Rewiring My Brain to Stop Self-Sabotaging: Part 3 – My Controller

Rewiring My Brain to Stop Self-Sabotaging: Part 3 – My Controller

Many people are challenged by feeling a sense of having lost control of their lives. In an effort to regain a sense of being in control we may act in ways that make us feel like we’re taking charge. In fact, what may be happening is mostly taking place in our brains. The circumstances that led us to feel like we had no control are still there. Our now believing we had regained some sort of control is really a myth. And the impact of the actions we’ve just taken may have far-reaching, long-lasting effects. In this third installment about our Saboteurs, from the framework created by Shirzad Chamine and Positive Intelligence I’m focusing on the Controller, one of my lead Saboteurs.

Like with all Saboteurs, our Controller overuses and abuses actual strengths we have. Physicians are likely to have many of these strengths, as well as to manifest the Controller Saboteur. Let’s explore what these strengths are and how they bring benefits into our lives and those with whom we interact. These include:

  • Confident, action-oriented, decisive persistence
  • The ability to challenge oneself as well as others
  • An ability to do the right thing, even if it’s unpopular
  • Seeing possibilities and having the ability to activate ourselves and others towards those outcomes

Basketball Team

I like the imagery of a huddle, where someone is taking charge, setting up a strategy, helping everyone feel engaged in pursuit of a common goal. When I’m in this position of taking charge like this, I feel like I’m shifting into another gear. I can recall a night on-call receiving a stat consult on a young woman in a coma with almost no platelets (the blood cells involved in clotting). When I got to the hospital, I immediately went to the hematology lab to look at her blood smear. It was clear from what I saw under the microscope that she likely had a condition called thrombotic thrombocytopenic purpura (TTP). This was one of the diagnoses that, when I learned about it in med school, I remember thinking, “Man, I don’t want to get this.” At that time the mortality was > 90%. However, at the time of this story significant advances had been made such that, with ideal management, cure rates were very high. However, treatment needed to be initiated rapidly.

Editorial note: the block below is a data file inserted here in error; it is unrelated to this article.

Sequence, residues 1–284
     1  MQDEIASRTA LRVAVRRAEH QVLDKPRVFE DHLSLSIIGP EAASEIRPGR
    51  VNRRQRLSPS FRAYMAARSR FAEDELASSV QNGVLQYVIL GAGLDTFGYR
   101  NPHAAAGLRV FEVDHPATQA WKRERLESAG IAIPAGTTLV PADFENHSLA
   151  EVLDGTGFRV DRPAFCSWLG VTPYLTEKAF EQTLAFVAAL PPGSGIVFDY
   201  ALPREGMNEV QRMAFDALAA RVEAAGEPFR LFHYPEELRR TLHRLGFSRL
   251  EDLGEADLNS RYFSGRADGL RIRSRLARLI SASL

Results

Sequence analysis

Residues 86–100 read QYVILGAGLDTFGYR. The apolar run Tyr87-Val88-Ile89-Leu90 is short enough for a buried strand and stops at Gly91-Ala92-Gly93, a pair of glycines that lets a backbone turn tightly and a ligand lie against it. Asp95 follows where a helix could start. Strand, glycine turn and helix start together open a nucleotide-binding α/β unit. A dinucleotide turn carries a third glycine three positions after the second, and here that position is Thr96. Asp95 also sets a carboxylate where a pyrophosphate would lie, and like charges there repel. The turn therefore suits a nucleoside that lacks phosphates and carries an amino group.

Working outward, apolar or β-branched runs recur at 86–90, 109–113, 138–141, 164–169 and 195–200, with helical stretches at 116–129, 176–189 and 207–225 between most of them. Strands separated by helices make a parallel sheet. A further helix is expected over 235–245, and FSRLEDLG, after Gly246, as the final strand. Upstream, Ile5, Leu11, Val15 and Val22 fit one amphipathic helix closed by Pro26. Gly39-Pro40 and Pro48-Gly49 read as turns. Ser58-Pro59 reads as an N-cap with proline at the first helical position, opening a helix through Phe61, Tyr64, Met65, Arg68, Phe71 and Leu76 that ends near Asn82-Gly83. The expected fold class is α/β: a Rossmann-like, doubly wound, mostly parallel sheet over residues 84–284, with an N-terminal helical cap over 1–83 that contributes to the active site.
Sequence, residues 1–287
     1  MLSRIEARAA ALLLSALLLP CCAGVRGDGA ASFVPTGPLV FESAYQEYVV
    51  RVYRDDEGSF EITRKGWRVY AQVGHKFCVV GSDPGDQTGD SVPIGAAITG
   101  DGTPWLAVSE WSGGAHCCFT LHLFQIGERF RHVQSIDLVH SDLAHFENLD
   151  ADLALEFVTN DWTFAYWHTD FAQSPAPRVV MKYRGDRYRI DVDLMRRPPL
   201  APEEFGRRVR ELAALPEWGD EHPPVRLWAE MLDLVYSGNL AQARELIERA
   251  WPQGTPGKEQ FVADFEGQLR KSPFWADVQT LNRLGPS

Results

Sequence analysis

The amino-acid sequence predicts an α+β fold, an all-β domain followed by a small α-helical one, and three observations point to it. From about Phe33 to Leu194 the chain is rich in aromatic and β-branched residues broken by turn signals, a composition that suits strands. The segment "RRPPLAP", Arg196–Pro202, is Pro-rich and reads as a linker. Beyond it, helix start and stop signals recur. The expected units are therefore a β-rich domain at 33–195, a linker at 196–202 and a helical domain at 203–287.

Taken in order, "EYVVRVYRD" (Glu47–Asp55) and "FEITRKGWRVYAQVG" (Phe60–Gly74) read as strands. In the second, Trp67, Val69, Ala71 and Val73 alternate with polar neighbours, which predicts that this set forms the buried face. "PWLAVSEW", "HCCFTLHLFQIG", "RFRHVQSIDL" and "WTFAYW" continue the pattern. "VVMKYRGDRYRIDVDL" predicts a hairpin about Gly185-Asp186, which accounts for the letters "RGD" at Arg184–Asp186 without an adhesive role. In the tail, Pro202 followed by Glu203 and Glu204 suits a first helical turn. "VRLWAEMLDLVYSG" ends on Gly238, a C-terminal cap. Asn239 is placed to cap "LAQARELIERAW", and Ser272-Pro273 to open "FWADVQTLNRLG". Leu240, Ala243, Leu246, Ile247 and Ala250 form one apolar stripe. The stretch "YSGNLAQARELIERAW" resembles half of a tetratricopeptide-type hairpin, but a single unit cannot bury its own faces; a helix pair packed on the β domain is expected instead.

Shifting into high gear, I saw the patient (who was in the ICU), called the docs and nurses involved in her care together, than mapped out our “game plan.” We all had to play our parts. I contacted the Red Cross who were going to bring in equipment that could help filter out the harmful proteins leading to this condition while infusing healthy ones back into the patient. The residents got a surgeon to insert the special kind of IV line needed for this infusion, and talked them through their concerns about doing this procedure in someone with so few platelets. The nurses provided fabulous care and kept the family up to date about what was happening. Within an hour the Red Cross was in the room and their procedure was underway. By the following morning the patient was awake and speaking, her platelet count was on the rise, and she was headed towards the outcome we all hoped for: a complete cure.


There are way too many times when physicians turn into Controlling authoritarians. While sometimes this may result in short-term outcomes that make it look like this is a good strategy, there are long-term consequences- and sometimes catastrophic results. When a person’s Controller takes over they feel the need to be in charge, no matter who knows best. They will push people well beyond their comfort zone, avoiding any danger signs. They actually get energized when others push back, and then they’re surprised when others feel disrespected or hurt.

When I was a med student a patient came onto our service one night who was having a serious gastrointestinal hemorrhage. She was quite elderly and not a candidate for any surgical procedure. The standard medical treatment at that time was a medicine called Pitressin. Our team contacted the patient’s physician to ask for his management plan and he told us to start her on the medication Pitocin. We told him we thought he meant Pitressin but he persisted in insisting that she receive this incorrect medication, eventually yelling at us, “I’m her physician, you need to do what I’m telling you to do!” The following morning, when he reviewed the chart and her orders (what he had demanded we do), he yelled at us that we never should have ordered Pitocin- that we clearly knew he had made an error and we should have overridden him. All of us who cared for that patient that evening were scarred for quite a while- and the patient received awful care. These are the kinds of results that a Controller run amuck produces.

Yacht Image